Sunday, March 03, 2013

Are U.K. Conservatives Writing The Austerity Script For Boehner, Cantor And Ryan?


As Krugman explained Saturday (see below), Europe's embrace of the Austerity Agenda is failing-- and failing badly. That doesn't keep the elites from thinking that if they just squeeze working families even harder, it will magically prove them right. After his catastrophic electoral defeat in Eastleigh Wednesday, David Cameron encouraged his Defense Secretary, Philip Hammond to pressure the Conservatives' Lib-Dem coalition partners by insisting on more welfare cuts (to keep military spending high). Sound familiar?
In order to stick to his current deficit reduction timetable, George Osborne needs to announce another £10bn of cuts in this summer's Spending Review (which will set spending totals for 2015-16) and cabinet divisions over where the axe should fall are becoming ever more visible. After Danny Alexander declared that he is opposed to further cuts in welfare spending, which was reduced by £18bn in the 2010 Spending Review and by £3.6bn in last year's Autumn Statement, Defence Secretary Philip Hammond has given an interview to the Telegraph in which he says that he will not accept any significant reductions to the defence budget and that the burden of cuts should fall on welfare instead.

...As Hammond suggests, he is not the only Conservative who believes his department should be exempt from further austerity (a phenomenon dubbed "fiscal nimbyism" by Treasury minister David Gauke). Theresa May (Home Office) and Chris Grayling (Justice) are also reported to be pushing for deeper welfare cuts in order to allow their budgets to be protected. The stage is set for a dramatic confrontation with the Lib Dems, who have staked their reputation on preventing further benefit cuts.

The one area of the welfare budget that the Lib Dems would be willing to see reduced is that concerning universal benefits for the elderly, such as the Winter Fuel Allowance, free bus passes and free TV licenses. But Downing Street has already signaled that David Cameron's general election pledge to protect these payments will be extended for another year in order to cover the Spending Review. As a result, any further cuts to welfare will again fall entirely on the working-age poor.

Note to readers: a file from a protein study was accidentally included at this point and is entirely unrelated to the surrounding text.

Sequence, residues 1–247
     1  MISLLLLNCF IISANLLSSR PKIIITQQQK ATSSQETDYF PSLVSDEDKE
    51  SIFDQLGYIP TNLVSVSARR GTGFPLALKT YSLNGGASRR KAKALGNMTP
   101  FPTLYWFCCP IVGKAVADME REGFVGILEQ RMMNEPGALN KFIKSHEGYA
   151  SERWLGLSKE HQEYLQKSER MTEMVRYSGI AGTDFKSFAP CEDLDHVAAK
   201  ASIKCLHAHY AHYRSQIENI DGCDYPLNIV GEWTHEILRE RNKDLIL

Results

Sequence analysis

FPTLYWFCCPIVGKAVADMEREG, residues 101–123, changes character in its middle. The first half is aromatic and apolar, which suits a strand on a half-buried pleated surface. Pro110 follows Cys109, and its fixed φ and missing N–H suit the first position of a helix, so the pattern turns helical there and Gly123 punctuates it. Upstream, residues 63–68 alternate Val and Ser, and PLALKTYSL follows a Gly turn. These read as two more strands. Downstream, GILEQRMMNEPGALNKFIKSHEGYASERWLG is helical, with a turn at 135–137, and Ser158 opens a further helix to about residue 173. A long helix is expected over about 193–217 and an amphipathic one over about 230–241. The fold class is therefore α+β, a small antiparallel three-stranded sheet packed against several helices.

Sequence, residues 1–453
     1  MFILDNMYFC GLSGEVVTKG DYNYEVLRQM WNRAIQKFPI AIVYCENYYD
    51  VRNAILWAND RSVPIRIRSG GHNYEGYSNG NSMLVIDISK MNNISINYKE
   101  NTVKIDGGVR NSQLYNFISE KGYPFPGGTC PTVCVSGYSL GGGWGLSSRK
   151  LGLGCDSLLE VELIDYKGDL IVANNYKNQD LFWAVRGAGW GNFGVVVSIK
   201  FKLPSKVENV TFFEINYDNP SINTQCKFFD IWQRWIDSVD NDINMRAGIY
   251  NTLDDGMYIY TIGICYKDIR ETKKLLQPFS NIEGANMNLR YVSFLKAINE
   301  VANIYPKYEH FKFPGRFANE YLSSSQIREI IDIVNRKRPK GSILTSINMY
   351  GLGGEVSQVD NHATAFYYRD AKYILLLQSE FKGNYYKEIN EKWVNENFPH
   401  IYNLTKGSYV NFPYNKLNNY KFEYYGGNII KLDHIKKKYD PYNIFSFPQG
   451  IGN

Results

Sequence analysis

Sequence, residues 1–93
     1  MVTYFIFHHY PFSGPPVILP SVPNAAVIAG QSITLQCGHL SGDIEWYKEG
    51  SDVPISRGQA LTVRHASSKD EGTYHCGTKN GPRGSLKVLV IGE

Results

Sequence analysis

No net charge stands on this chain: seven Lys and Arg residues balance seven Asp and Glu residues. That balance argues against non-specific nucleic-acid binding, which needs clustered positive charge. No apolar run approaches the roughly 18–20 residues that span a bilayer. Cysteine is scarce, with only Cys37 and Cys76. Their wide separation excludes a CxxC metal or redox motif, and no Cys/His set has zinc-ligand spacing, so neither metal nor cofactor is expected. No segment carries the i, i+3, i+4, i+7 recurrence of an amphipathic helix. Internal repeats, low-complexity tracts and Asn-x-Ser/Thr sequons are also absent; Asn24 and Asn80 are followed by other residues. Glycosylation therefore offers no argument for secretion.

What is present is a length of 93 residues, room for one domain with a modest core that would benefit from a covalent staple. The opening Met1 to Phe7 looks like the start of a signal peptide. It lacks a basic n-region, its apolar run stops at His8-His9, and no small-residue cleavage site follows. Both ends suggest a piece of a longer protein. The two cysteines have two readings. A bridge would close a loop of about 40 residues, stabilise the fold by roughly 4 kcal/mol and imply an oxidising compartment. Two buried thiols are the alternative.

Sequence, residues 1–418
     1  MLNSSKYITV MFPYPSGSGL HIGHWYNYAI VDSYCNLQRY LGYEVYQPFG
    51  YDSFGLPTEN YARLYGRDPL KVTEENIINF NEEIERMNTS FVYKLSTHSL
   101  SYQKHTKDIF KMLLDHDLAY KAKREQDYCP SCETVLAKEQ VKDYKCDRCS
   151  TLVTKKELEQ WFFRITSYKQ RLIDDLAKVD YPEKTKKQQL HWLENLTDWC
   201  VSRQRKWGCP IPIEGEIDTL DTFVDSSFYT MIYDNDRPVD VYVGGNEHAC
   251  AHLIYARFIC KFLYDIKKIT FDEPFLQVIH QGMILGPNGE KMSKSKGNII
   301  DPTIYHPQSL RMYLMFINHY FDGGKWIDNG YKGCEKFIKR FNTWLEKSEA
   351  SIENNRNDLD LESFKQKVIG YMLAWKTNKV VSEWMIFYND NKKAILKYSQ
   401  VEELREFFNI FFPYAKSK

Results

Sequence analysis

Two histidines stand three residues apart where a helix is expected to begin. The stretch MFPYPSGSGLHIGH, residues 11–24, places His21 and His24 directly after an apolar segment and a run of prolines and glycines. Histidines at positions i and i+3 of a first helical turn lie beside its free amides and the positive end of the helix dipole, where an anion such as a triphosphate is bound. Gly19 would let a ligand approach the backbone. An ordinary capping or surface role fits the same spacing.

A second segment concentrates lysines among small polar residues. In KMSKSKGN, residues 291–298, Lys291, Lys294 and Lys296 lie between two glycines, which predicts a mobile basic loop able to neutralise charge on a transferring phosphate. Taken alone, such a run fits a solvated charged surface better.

Before last year's Autumn Statement, Tory ministers, including Cameron and George Osborne, floated policies including the abolition of housing benefit for the under-25s and the restriction of child benefit for families with more than two children only to see these proposals rightly vetoed by the Lib Dems. But the insistent Conservatives demands for further welfare cuts will likely see them examined again.
One twitter wag asked if Hammond might "make a start by giving up all troops' exemptions from welfare cuts." Another, David Frum, worries that the congressional defense hawks in the U.S. aren't being as hysterical as Hammond. Where's Buck McKeon when his defense contractor and drone manufacturer buddies need him most?

After Boehner and his cronies-- with the help of 95 Democrats-- forced through the vote on Sequestration, Paul Ryan, the GOP's most outspoken and clueless advocate of the failed European Austerity agenda, was jubilant. On ABC's This Week he celebrated by announcing that “What conservatives like me have been fighting for, for years, are statutory caps on spending, legal caps in law that says government agencies cannot spend over a set amount of money. And if they breach that amount across the board, sequester comes in to cut that spending, and you can’t turn that off without a supermajority vote.  We got that in law. That is here.” That was why Ryan undermined the Grand Bargain between Obama and the weak, drunken Speaker in the fist place-- to manipulate a situation that would bring about Sequestration. To the shills of plutocracy-- like Ryan-- unemployment for a million people, the threat of recession, even a threat to national security mean less than preserving loopholes like this one that further enrich a couple of hundred multimillionaires and billionaires. It was something the GOP was planning all along.

OK, back to Europe, and Krugman, for a moment. What he pointed out Saturday is that, "faced with a huge blow to private demand from a burst housing bubble and deleveraging, Europe has responded not as 75 years of economics said it should, with temporary stimulus, but with Herbert Hoover-- or, better, Chancellor Brüning-- policies of retrenchment. And policy makers pronounce themselves shocked both to find that the bottom is dropping out of Europe’s economy and that their perceived authority and wisdom is being rejected by voters." It's horrifying that the low level of talent attracted to GOP politics doesn't allow Republicans to step away from their ideological preconception for a moment and what's unfolding in real time.

Krugman reminds us that "those preaching austerity probably do not see themselves as contributing to a crisis of democracy, but they are. The Italian elections should remind eurozone leaders to pay attention to their voters. Economic fixes have failed to staunch a political crisis that has the capacity to harm not only EU integration, but the legitimacy of the continent’s democratic order itself." Is that what the Paul Ryans, Eric Cantors, John Boehners and Miss McConnells want spreading to our shores? I'm not certain. But the Tea Party idiots and the John Birch Society money that finances them certainly do.

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